Nonprofit United Policyholders offered presentations to residents interested in rebuilding their homes green after the Sept. 9 pipeline explosion and showed that there is help available.
Jerry Guernsey was always talking about making his house more green.
In fact, he has considered himself green for the last 40 years, as he was known for using scrap metal to work on his classic cars and other projects around the home.
Now that he and his wife Carole are looking to rebuild from scratch after the Sept. 9 pipeline explosion destroyed their Concord Way home, going green is a strong consideration.
“Going green is a good thing,” Guernsey said. “For one, you get better air in your house.”
The Guernseys were some of the residents who sat in a workshop Thursday at the downtown San Bruno Resource and Recovery Center on green building after the disaster in the Crestmoor neighborhood. Nonprofit United Policyholders brought in speakers from the city and Global Green USA to educate residents on the green rebuilding process so that they could learn about a more efficient way they could build their homes and an opportunity to make their lives whole again while saving money and the environment.
The emphasis throughout the workshop was that building green after the disaster is really possible and help is available.
Representatives from Global Green USA—a nonprofit that advocates for climate change solutions such as energy conservation, CO2 emission reduction and the securing of a more sustainable life—explained the green building process and how residents could benefit from their expert guidance when rebuilding.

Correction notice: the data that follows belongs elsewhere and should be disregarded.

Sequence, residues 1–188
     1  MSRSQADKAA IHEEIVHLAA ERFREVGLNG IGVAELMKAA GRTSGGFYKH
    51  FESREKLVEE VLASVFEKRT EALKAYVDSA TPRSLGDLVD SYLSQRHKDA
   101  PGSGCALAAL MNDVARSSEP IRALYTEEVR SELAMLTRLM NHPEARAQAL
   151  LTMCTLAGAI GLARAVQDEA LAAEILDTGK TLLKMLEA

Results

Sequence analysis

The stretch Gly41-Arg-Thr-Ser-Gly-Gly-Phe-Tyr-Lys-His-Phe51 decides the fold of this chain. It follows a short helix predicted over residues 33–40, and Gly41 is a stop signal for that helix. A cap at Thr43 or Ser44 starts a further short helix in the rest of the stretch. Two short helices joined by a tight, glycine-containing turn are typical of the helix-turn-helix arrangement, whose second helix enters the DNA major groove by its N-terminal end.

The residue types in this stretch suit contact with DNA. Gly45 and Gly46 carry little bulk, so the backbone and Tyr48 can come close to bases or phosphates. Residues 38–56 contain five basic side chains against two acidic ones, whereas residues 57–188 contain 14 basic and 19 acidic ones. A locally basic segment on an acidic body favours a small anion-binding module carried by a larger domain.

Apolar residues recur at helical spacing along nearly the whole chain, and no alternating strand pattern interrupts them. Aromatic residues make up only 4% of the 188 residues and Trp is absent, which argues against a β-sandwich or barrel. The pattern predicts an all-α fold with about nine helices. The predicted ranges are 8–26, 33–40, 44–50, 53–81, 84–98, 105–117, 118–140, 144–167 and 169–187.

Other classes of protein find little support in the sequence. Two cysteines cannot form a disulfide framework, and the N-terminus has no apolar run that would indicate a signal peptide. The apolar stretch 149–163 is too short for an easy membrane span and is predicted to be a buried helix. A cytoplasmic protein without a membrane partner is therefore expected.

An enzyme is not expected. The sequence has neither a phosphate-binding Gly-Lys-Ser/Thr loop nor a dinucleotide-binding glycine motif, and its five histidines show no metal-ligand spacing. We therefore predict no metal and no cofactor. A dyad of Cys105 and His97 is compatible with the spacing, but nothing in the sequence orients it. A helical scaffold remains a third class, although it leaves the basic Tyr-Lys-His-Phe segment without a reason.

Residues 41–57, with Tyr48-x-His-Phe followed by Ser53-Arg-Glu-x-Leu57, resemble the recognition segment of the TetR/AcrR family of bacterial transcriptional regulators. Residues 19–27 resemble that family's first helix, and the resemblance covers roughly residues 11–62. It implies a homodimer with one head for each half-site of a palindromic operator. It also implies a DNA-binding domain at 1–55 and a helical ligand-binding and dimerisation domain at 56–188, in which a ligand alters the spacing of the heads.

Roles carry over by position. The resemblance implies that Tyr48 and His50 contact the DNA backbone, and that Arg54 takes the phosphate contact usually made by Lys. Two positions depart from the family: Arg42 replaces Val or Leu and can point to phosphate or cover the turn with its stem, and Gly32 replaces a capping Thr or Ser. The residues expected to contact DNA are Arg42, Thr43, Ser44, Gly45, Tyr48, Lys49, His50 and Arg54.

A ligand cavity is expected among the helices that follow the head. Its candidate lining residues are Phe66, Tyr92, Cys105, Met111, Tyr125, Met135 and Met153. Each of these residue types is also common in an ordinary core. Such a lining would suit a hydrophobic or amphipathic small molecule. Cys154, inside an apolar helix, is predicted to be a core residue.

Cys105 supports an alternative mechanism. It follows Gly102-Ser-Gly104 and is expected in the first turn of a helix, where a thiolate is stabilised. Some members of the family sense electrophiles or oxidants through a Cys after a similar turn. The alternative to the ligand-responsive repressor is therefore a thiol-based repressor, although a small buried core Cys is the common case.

Matt Petersen, president and CEO of the organization, said his goal is to get at least 12 homeowners to rebuild green in the neighborhood. If Global Green gets involved early enough in the process, Petersen said, the organization can make sure each home becomes energy efficient and each resident becomes less reliant on the source of the disaster: PG&E.
“Wouldn’t it be something if you wouldn’t have to pay PG&E anything more than a monthly service charge?” Petersen asked the residents in the workshop.
Global Green has some initial funding from the Silicon Valley Community Foundation to launch the program, and it is working on getting more funding from businesses such as YouTube and Gap, Petersen said.
While going green sounds good and seems simple, the underlying factor for many folks—who have already been burdened by insurance claims, rental homes and a whole host of other things that have disrupted their lives over the last nine months—will still likely be cost.
After all, going green doesn’t mean spending less money—at least at the beginning.
That is why United Policyholders brought in Jacques Lord, a survivor of the 2007 San Diego wildfires whose home was one of 1,600 destroyed.
Out of the thousands of homeowners who lost their homes during that disaster, he and his family were one of only three that decided to rebuild green.
The reason he believes so many people opted for rebuilding the old-fashioned way was because the green building process is simple but not easy. Lord said he learned that the hard way, after not initially contracting with a green builder and being forced to fork out nearly $10,000 in legal fees to fight him in court.
But he learned some valuable lessons: Establish ground rules with your family first. Then educate yourself, your designer and builder, or just get a packaged deal like the one Global Green is offering.
Even if cost is a problem, Lord said, residents can still do something green like installing LED lights or energy efficient appliance to make a difference in their energy bills and lives.
“With anything you do, that’s great,” he said. “Don’t feel bad about it.”
That’s the predicament the Guernseys might be in because their insurance will likely not cover the extra costs needed to get Leadership in Environmental Engineering and Design, or LEED, certification, which is the gold-standard for ensuring a home is green.
But Jerry Guernsey said he’s not losing sight of his goal. If they rebuild green, he knows “our home will be a better home,” he said.